Towards a better understanding of electricity prices

APPrO Magazine - February 27, 2017: The best defense against rising electricity prices is a healthy understanding of the causes of price increases. The methods policy makers choose for supporting this understanding will have a major impact not just on our pocketbooks but on the nature of our workplaces, the shape of our cities, the quality of our environment, and possibly even who will be chosen to govern in future.

As reported by virtually all news media, the issue of electricity prices is now making a big comeback in public conversations. Reasonable people are asking more pointedly than ever – why are my electricity prices so high? It’s a question that can’t and shouldn’t be passed off lightly. Public figures and industry leaders will be dealing with it directly in one way or another, likely right up to and through the upcoming electoral cycle, undoubtedly including the 2018 Ontario election. Unfortunately there are no easy answers. The difficulties inherent in dealing with electricity prices will almost certainly be one of the top challenges for leaders of government and industry in the coming months and years. A serious conversation on realistic principles and practices is needed.

The concern about rising prices expressed by industry and the public is legitimate and cries out for action. The danger is that overheated emotions may prevail. Solutions may be demanded and offered before the problem is properly understood. Fortunately, there is still time to develop a better understanding before the parties prepare their next election campaign platforms. The quality of debate and the strength of the ultimate resolution will both benefit from a brief pause to develop a clearer explanation of what has led to today’s electricity prices and what can be done to curb them.

In order to have a productive discussion, basic information will be needed. In Ontario’s case for example one needs to ask: How do Ontario electricity rates truly compare with other provinces, with other regions of North America and with other countries? How do they compare historically, and most important, how do they compare against the alternative options available today? The Globe and Mail article of January 9 and other sources cited below are starting to establish the kinds of baselines that will be needed.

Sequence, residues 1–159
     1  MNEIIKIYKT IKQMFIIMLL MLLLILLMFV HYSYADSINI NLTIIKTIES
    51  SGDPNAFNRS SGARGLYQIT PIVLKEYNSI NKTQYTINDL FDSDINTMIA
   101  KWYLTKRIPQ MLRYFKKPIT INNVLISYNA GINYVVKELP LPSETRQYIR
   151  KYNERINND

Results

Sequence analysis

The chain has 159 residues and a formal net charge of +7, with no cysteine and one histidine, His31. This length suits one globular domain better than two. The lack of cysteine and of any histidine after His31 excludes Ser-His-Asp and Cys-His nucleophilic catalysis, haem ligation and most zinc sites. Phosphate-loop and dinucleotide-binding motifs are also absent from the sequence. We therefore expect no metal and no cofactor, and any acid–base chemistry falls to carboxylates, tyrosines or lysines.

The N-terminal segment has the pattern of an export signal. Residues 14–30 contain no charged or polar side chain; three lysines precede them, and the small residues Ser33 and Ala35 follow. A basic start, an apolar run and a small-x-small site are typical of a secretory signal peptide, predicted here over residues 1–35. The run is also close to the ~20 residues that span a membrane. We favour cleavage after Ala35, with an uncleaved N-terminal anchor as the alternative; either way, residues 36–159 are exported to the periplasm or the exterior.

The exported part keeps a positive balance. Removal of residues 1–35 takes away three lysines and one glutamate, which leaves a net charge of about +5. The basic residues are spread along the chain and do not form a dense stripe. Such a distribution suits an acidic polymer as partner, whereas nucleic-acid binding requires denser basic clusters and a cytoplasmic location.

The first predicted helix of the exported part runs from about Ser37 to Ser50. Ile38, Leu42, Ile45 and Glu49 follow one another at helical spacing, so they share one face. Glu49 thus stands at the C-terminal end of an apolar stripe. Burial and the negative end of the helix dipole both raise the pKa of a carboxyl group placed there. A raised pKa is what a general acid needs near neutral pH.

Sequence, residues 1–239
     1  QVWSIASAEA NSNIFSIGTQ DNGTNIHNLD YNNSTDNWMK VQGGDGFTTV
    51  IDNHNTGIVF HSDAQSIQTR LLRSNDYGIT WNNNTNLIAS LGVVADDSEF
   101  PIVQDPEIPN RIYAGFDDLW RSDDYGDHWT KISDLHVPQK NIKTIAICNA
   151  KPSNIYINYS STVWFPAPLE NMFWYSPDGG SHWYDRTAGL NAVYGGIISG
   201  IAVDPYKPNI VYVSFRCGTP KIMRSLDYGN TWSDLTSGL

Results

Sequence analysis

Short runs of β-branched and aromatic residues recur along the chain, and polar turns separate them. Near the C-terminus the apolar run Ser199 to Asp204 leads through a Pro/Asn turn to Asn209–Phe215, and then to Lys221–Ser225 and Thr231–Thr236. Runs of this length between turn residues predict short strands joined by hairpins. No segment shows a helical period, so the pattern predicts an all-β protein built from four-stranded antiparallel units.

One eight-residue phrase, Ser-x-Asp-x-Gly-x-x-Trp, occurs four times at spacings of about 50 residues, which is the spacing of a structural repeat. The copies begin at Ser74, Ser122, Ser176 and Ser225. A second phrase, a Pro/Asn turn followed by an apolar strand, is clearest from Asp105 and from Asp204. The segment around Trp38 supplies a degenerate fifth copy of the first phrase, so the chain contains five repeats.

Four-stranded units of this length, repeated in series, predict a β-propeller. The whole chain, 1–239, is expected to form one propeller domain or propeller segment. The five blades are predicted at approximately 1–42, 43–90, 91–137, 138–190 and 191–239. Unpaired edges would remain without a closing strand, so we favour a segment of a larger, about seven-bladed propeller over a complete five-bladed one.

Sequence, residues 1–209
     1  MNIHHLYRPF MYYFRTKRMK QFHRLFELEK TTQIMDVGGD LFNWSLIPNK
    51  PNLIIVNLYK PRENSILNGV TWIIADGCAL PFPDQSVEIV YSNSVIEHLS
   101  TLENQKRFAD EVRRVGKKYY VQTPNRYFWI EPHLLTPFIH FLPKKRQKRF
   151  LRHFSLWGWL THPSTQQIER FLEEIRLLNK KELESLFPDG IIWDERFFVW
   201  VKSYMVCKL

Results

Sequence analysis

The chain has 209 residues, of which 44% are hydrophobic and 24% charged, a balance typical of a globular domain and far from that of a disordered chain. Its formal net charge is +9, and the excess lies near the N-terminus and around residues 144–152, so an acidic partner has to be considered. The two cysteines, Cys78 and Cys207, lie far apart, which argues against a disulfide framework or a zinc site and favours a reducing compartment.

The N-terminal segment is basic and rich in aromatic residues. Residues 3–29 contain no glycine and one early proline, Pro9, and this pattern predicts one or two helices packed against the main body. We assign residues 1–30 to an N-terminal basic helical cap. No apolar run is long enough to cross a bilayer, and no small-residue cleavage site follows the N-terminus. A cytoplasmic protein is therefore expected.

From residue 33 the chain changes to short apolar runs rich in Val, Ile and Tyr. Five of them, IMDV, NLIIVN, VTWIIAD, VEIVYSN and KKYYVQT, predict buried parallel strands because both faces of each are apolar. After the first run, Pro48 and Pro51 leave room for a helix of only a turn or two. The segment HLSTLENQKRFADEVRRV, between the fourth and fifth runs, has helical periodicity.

One has to be careful when talking about electricity rates. Although electricity rates are primarily a matter of economic policy, they are also social policy. For the most part, it is other people’s money we are talking about. A good deal of sensitivity is required. The same statement can mean one thing to an international trader and something entirely different to a pensioner having difficulty with rental payments. Whatever point is being made, it will be necessary not just to talk about rates, but also to get used to the delicacy of the subject. It is also very important to separate rates from bills. Rates are going up, but consumer bills are also a function of consumption. So with a very warm summer, when usage rates are high, customers are seeing the impacts on their bills of both higher rates and higher usage.

Despite all the heated rhetoric to date, very few practical solutions have been put on the table so far. Both government and opposition parties have at times felt obliged to skip quickly past a proper analysis of the causes, and jump right to “solutions,” sometimes resorting to very simple actions like mandated rate reductions. This leads to band-aids and quick fixes, while leaving the core problems unaddressed and potentially causing greater problems in the future.

Some of the public commentary to date has been almost indistinguishable from election banter, suggesting that waste, mismanagement, green power contracts, and the privatization of Hydro One are the only issues in play, and that a change of government will somehow put an end to all such negatives. While any of these may be legitimate issues to raise, properly fixing them requires instituting long-term accountability measures that balance reliability, cost control and environmental responsibility. The opposition may argue that a change of government would help to put such accountability in place. However a change of government is not synonymous with accountability. If you want to see downward pressure on prices, it’s better to separate out the politics, work on specifying the accountability mechanisms you want, and securing broad support for them, while campaigning for your preferred political party in parallel. Ensuring that the media is properly briefed will likely be critical.

Establishing a baseline of quality information

While it is true that Ontario electricity prices have risen rapidly in recent years, it is also the case that some commentators have mischaracterized the causes of current prices, and others have vastly over-stated the level of price increases. There have been wild statements made to the effect that Ontario’s electricity prices are the highest in North America or that they have hit some other kind of stratospheric record. First of all, the public needs a dependable and credible base of information about prices on which to build their views. The Ontario Energy Report and the OEB’s Regulated Price Plan Report are reasonable places to start. These and other sources demonstrate that Ontario electricity prices may be relatively high compared to other provinces in Canada, but they are nowhere near the top in North America.